Several friends told me of how little girls will put on the melhfa and pretend to be women, and it reminded me of sweet childhood memories raiding my friends’ mothers’ closets to imagine what it was like to be a grown-up. At a friend’s house for lunch recently, I saw her little niece wearing the tiniest melhfa. She stayed with us for some time, as if wearing the attire of a grown woman helped her fit in with us. It is clear that from a young age, the melhfa is the sign of womanhood and helps girls step into their adult lives with all the responsibilities and opportunities that entails.
Many women brought up the idea that men find a covered woman more respectable. One told me about a Spanish man who was visiting and said that even he respected the covered women more compared to the Spanish women he was used to. The amount of times this was brought up really enforced the idea that respect is something women value, and they feel they can achieve it through their modesty and adherence to the cultural expectations.
“We are beautiful.”
My initial conversations about beauty only touched on the superficial aspects of it. Nearly every woman told me the ideal standards I already knew – that being fat and white is most desirable. They especially value large wrists and ankles, and a round, light-complexioned face. They told me how a woman can appear more attractive, whether that is showing her wrists while she makes tea, pretending to be shy, or speaking in a soft, high voice. One friend told me that men often look for external beauty first, since they often don’t have much of an opportunity to get to know a woman before they pursue or marry her.
Eventually I was able to push a little bit past these conceptions of external beauty into more conversations about how beauty was valued. Some inward traits that are important are wisdom, intelligence, ideas and honesty. A couple of women expressed that they did not care about outward beauty. They said that a person’s appearance is something God decided, not them, so it is not up to us to judge how God made them. External beauty, while not denied as a standard, is recognized as a gift of God and doesn’t necessarily say anything about the value of the woman.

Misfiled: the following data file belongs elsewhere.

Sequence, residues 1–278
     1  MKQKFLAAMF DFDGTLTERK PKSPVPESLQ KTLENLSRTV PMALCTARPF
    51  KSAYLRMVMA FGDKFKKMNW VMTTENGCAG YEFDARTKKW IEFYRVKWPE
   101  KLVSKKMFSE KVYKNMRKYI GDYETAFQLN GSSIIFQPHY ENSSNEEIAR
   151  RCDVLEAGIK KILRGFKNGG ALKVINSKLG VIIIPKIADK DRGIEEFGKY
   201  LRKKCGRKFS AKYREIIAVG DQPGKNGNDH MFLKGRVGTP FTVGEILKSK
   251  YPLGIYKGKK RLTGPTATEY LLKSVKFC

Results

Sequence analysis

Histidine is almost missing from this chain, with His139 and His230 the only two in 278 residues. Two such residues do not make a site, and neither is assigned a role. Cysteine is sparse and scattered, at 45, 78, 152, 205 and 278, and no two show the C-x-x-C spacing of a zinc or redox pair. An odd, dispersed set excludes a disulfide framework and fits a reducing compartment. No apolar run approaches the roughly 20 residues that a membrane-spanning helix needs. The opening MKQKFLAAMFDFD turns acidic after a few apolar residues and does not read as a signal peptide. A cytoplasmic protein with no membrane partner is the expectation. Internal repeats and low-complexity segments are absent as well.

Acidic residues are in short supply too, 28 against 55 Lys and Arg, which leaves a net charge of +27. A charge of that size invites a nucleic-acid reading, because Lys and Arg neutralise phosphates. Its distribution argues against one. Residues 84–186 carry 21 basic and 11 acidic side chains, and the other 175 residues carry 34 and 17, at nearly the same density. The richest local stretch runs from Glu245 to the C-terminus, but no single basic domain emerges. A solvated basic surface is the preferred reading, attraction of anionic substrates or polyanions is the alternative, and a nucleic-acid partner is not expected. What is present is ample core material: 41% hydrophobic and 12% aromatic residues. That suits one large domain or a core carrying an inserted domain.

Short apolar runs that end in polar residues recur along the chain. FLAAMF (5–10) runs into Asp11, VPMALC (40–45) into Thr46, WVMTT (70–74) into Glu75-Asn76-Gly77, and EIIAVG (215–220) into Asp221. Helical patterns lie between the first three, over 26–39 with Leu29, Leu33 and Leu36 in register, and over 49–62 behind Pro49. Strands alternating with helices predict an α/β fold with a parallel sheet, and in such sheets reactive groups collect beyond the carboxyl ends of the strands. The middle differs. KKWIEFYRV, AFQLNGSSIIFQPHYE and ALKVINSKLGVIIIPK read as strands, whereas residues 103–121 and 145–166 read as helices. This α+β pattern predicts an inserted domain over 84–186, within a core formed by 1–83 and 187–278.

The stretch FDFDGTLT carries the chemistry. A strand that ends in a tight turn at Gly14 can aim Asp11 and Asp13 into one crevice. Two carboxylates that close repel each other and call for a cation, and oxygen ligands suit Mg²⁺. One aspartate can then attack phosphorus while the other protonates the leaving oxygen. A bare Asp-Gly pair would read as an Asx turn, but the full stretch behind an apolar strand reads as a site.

Let’s live out our identity, womanhood and beauty.
Not only have these conversations taught me about how the melhfa shapes a woman’s concept of herself and what Sahrawi women think about beauty, but also made me think about my own perceptions and cultural view of beauty.
One issue that I had to wrestle with was a conflict between what one of my friends said and what I observed while spending time with her. She was one who talked about how appearance didn’t matter to her, yet while I spent an afternoon with her, she was looking through this slide show of Mauritanian brides and pointing out which ones were really beautiful. It was a familiar scene, as I often see people go through pictures of others on their phones and compare who is more beautiful, fatter or whiter than the other women. Or some will see selfies that they took on their phones and point out that they looked “ugly” because of the darkness of their skin, or the sun made them look whiter and “more beautiful.”
While I was initially disheartened when I saw the second side of these values, and was tempted to be judgmental about it, God stopped me in my tracks. I realized that, when asked, I would say the same things about how we are all beautiful creations of God and our outer appearance doesn’t matter. I would also then go back to my life, compare myself to my friends and strangers alike, complain about my unclear complexion, wish my hair were nicer, think too much about what I was going to wear, and otherwise worry about my appearance. I am just as, if not more, two-sided than the friends who so honestly share their thoughts and their lives with me.
As I grow in knowledge about these people, I am thankful that God uses discoveries like these to help me grow in love for, and identity with, their beautiful hearts. No, they’re not perfect. But as I learn how imperfect I am too, we can grow together in our brokenness. We can encourage each other in our values of identity, womanhood and beauty, even if we can’t fully live out those ideas.
This is part of my advocacy series, “Hearts of the Desert.” Check out other posts from this series: